Violin plots showing the distribution that withdrawal periods or bleeding started in pre-vaccination cycles, post-COVID-19 vaccine dose 1 cycle, inter-dose cycles, post-COVID vaccine dose 2 cycle 19 and later cycles, where “0” indicates period or withdrawal bleeding starting on the scheduled day, negative numbers indicate days ahead and positive numbers indicate days behind.  Data for spontaneous cyclists (A) and participants on hormonal contraception (B) are shown.  * p' < 0.05, * * P < 0,01.

Violin plots showing the distribution that withdrawal periods or bleeding started in pre-vaccination cycles, post-COVID-19 vaccine dose 1 cycle, inter-dose cycles, post-COVID vaccine dose 2 cycle 19 and later cycles, where “0” indicates period or withdrawal bleeding starting on the scheduled day, negative numbers indicate days ahead and positive numbers indicate days behind. Data for spontaneous cyclists (A) and participants on hormonal contraception (B) are shown. * p’

At p’ = 0.0013 and p’ = 0.011, respectively, the differences between pre-vaccination cycle length and post-dose 1 and post-dose 2 timing remained significant. Although none of the participants who did not return their diary perceived a difference, significant delays in the post-dose 1 and post-dose 2 periods persisted.

Violin plots showing the distribution of flow scores for menstruation or withdrawal bleeding in pre-vaccination cycles, post-COVID-19 vaccine dose 1 cycle, inter-dose cycles, post-COVID vaccine dose 2 cycle -19 and subsequent cycles.  Data for spontaneous cyclists (A) and participants on hormonal contraception (B) are shown.

Violin plots showing the distribution of flow scores for menstruation or withdrawal bleeding in pre-vaccination cycles, post-COVID-19 vaccine dose 1 cycle, inter-dose cycles, post-COVID vaccine dose 2 cycle -19 and subsequent cycles. Data for spontaneous cyclists (A) and participants on hormonal contraception (B) are shown.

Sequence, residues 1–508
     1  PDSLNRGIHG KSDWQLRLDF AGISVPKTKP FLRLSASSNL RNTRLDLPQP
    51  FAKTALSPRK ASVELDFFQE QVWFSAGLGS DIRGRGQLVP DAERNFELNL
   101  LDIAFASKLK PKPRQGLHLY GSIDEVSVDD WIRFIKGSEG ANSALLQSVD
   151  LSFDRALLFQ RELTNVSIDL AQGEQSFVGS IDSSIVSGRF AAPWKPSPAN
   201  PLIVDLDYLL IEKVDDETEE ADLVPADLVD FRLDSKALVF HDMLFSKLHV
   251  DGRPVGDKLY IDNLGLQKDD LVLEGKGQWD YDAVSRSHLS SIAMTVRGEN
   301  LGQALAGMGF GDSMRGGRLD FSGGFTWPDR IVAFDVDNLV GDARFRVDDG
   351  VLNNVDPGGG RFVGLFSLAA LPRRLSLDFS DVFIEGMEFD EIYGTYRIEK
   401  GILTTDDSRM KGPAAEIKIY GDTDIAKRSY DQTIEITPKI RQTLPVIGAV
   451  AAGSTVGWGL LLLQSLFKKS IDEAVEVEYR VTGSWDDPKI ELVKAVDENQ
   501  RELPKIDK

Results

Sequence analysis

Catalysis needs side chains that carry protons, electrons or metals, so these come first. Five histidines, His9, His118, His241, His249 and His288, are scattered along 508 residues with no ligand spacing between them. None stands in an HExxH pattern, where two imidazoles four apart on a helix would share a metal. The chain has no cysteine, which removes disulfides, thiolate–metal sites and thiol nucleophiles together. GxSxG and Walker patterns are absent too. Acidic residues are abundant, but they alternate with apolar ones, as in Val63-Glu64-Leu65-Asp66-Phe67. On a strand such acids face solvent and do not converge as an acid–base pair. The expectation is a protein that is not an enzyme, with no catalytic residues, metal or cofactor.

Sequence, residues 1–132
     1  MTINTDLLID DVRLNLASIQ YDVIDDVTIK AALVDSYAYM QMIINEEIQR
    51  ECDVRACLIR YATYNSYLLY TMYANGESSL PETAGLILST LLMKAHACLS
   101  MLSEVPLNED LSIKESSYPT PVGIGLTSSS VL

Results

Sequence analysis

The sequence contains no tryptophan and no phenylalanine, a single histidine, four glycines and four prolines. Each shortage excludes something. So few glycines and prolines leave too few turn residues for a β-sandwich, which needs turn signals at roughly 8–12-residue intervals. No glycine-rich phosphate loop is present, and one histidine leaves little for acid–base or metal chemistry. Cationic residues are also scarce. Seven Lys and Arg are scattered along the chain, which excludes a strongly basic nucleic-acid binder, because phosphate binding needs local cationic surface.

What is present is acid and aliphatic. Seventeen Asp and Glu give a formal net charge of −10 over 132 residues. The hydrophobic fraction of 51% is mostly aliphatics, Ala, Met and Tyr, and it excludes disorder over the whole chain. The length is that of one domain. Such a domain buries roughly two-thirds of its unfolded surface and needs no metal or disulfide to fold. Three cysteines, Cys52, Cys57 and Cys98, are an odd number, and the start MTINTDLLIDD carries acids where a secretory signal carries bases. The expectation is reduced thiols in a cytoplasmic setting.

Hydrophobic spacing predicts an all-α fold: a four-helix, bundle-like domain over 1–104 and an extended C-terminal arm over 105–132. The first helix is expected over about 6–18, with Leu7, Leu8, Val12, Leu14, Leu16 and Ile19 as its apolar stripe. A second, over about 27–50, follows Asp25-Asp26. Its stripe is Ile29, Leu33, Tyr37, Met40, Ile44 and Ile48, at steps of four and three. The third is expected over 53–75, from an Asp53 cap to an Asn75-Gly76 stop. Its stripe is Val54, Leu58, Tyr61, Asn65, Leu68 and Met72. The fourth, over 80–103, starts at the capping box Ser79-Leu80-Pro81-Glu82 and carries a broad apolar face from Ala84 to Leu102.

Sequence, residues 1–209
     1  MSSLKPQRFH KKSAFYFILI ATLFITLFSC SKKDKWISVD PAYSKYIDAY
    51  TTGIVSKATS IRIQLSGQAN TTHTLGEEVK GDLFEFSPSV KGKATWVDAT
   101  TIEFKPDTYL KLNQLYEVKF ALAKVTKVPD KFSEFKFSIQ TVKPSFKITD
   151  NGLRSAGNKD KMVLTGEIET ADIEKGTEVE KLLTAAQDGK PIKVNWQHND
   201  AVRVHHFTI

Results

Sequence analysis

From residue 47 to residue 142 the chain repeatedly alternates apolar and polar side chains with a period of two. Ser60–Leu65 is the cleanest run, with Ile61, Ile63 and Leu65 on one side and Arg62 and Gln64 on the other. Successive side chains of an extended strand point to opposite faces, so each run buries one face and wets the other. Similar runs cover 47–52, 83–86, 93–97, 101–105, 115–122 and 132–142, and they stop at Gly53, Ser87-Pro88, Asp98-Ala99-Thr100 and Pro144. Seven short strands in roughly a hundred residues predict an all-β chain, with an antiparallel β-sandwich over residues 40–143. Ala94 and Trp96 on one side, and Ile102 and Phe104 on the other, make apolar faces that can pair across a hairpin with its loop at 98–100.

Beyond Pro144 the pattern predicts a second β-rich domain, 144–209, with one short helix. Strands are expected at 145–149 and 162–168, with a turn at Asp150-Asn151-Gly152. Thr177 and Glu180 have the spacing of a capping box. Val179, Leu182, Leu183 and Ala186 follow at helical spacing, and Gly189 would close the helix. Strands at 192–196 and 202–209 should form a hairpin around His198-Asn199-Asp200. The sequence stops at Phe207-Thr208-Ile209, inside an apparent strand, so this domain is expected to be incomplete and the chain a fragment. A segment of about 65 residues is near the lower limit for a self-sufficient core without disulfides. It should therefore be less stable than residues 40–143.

Immune activity can temporarily disrupt the hypothalamic-pituitary-adrenal axis or immune cells in the uterine lining, which regulate the breakdown and renewal of this tissue. In either case, these changes can be considered alterations in menstruation that are analogous to other short-term and transient vaccine-induced adverse effects.

As a result, menstrual alterations may be more common in people who have had common side effects. To test this idea, the authors looked for relationships between self-reported side effect scores and future period timing or flow score. No significant connection was detected. As a result, the authors were unable to uncover evidence that menstrual abnormalities are related to other common vaccine side effects in this small group.

Consequences

The first and second doses of COVID-19 vaccines were linked to a modest delay in the following period in this small, prospectively selected sample. Interdose and post-vaccination cycles did not show this delay, implying that any change is transient.

Taken together, changes in menstrual flow were not detected in this study. Although these results are encouraging, further research in larger prospectively recruited groups is needed to more accurately identify the impact of vaccination on menstrual parameters.

*Important Notice

medRxiv publishes preliminary scientific reports that are not peer-reviewed and, therefore, should not be considered conclusive, guide clinical practice/health-related behaviors, or treated as established information.

Comments are closed.